Name[edit]

The Hungarians' own ethnonym to denote themselves in the Early Middle Ages is uncertain. The exonym "Hungarian" is thought to be derived from Oghur-Turkic On-Ogur (literally "Ten Arrows" or "Ten Tribes"). Another possible explanation comes from the Old Russian "Yugra" ("Югра"). It may refer to the Hungarians during a time when they dwelt east of the Ural Mountains along the natural borders of Europe and Asia before their conquest of the Carpathian Basin.[26]

Prior to the Hungarian conquest of the Carpathian Basin in 895/6 and while they lived on the steppes of Eastern Europe east of the Carpathian Mountains, written sources called the Magyars "Hungarians", specifically: "Ungri" by Georgius Monachus in 837, "Ungri" by Annales Bertiniani in 862, and "Ungari" by the Annales ex Annalibus Iuvavensibus in 881. The Magyars/Hungarians probably belonged to the Onogur tribal alliance, and it is possible that they became its ethnic majority.[27] In the Early Middle Ages, the Hungarians had many names, including "Węgrzy" (Polish), "Ungherese" (Italian), "Ungar" (German), and "Hungarus".[28] The "H-" prefix is a later addition of Medieval Latin.

The Hungarian people refer to themselves by the demonym "Magyar" rather than "Hungarian".[27] "Magyar" possibly derived from the name of the most prominent Hungarian tribe, the "Megyer". The tribal name "Megyer" became "Magyar" in reference to the Hungarian people as a whole.[29][30][31]

The Greek cognate of "Tourkia" (Greek: Τουρκία) was used by the scholar and Byzantine Emperor Constantine VII "Porphyrogenitus" in his De Administrando Imperio of c. AD 950,[32][33] though in his use, "Turks" always referred to Magyars.[34] This was a misnomer, as while the Magyars do have some Turkic genetic and cultural influence, including their historical social structure being of Turkic origin,[35] they still are not widely considered as part of the Turkic people.[36]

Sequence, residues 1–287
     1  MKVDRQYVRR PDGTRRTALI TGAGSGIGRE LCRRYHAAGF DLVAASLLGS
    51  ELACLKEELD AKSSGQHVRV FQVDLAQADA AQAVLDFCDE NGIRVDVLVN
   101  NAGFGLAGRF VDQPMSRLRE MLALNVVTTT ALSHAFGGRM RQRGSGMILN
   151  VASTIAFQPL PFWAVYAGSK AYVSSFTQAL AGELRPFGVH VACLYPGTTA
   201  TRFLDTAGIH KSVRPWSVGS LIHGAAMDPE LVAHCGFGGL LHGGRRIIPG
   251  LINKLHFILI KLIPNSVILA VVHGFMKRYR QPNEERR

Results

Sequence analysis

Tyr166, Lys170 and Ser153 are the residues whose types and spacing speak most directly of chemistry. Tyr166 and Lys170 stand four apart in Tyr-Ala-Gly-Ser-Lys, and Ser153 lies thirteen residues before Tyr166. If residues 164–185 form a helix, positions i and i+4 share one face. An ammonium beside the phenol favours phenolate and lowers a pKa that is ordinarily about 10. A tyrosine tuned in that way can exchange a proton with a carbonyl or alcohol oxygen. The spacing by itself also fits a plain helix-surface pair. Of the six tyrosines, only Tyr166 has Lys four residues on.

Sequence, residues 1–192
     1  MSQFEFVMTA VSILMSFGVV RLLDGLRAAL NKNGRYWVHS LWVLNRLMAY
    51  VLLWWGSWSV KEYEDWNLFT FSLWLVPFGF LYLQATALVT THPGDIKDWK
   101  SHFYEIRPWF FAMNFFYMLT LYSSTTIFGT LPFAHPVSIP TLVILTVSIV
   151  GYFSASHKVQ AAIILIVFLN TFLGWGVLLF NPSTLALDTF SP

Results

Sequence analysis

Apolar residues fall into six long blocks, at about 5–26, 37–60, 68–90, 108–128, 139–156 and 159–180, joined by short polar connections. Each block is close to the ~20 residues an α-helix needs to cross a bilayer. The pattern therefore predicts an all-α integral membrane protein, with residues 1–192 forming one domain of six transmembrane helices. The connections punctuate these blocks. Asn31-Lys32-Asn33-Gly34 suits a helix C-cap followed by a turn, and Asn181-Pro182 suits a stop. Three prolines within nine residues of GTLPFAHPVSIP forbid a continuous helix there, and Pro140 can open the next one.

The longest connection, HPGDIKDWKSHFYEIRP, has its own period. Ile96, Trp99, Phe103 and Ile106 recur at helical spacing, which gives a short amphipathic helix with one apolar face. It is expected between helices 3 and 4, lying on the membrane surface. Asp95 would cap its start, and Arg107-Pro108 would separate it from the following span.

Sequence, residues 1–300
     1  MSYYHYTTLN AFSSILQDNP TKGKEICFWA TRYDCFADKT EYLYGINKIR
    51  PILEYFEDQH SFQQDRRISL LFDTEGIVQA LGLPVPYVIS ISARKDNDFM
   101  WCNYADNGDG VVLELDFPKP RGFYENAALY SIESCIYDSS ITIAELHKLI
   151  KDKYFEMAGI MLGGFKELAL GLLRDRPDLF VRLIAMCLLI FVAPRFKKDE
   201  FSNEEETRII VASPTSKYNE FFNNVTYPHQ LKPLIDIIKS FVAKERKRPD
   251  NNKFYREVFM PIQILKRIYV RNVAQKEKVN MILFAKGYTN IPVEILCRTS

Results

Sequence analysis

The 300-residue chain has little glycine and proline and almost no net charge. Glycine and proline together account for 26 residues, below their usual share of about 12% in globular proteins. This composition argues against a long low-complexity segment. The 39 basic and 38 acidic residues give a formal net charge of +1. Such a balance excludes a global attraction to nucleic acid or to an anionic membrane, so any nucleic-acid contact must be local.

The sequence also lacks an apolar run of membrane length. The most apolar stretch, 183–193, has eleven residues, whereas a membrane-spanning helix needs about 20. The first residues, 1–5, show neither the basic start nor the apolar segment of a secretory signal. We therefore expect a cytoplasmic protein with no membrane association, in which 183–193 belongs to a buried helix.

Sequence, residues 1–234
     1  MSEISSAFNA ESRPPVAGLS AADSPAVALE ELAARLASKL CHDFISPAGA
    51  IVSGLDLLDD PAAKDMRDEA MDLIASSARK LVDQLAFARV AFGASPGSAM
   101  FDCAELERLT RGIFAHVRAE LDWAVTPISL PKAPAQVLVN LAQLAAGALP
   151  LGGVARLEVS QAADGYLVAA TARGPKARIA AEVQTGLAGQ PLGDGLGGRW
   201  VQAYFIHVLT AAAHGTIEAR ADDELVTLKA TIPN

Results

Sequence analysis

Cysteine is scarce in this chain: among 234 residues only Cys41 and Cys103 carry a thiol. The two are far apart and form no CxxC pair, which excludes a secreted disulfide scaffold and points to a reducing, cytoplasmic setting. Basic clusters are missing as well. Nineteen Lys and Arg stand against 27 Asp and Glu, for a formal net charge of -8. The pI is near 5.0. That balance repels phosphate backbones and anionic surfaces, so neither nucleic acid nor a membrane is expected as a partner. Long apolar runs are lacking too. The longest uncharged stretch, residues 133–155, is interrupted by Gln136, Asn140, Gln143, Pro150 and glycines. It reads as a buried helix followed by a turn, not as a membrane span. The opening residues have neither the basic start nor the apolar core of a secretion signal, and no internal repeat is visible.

The obscure name kerel or keral, found in the 13th-century work the Secret History of the Mongols, possibly referred to Hungarians and derived from the Hungarian title király 'king'.[37]

The historical Latin phrase "Natio Hungarica" ("Hungarian nation") had a wider and political meaning because it once referred to all nobles of the Kingdom of Hungary, regardless of their ethnicity or mother tongue.[38]

History[edit]

Origin[edit]

The origin of Hungarians, the place and time of their ethnogenesis, has been a matter of debate. Due to the classification of Hungarian as an Ugric language, they are commonly considered an Ugric people that originated from the Ural Mountains, Western Siberia or the Middle Volga region. The relatedness of Hungarians with the Ugric peoples is almost exclusively founded on linguistic data and has been called into question. It is not backed with testimonies in historical sources or the results of natural science research.[39] However, the current consensus among linguists is that the Hungarian language is a member of the Uralic family and that it diverged from its Ugric relatives in the first half of the 1st millennium BC, in western Siberia, east of the southern Urals.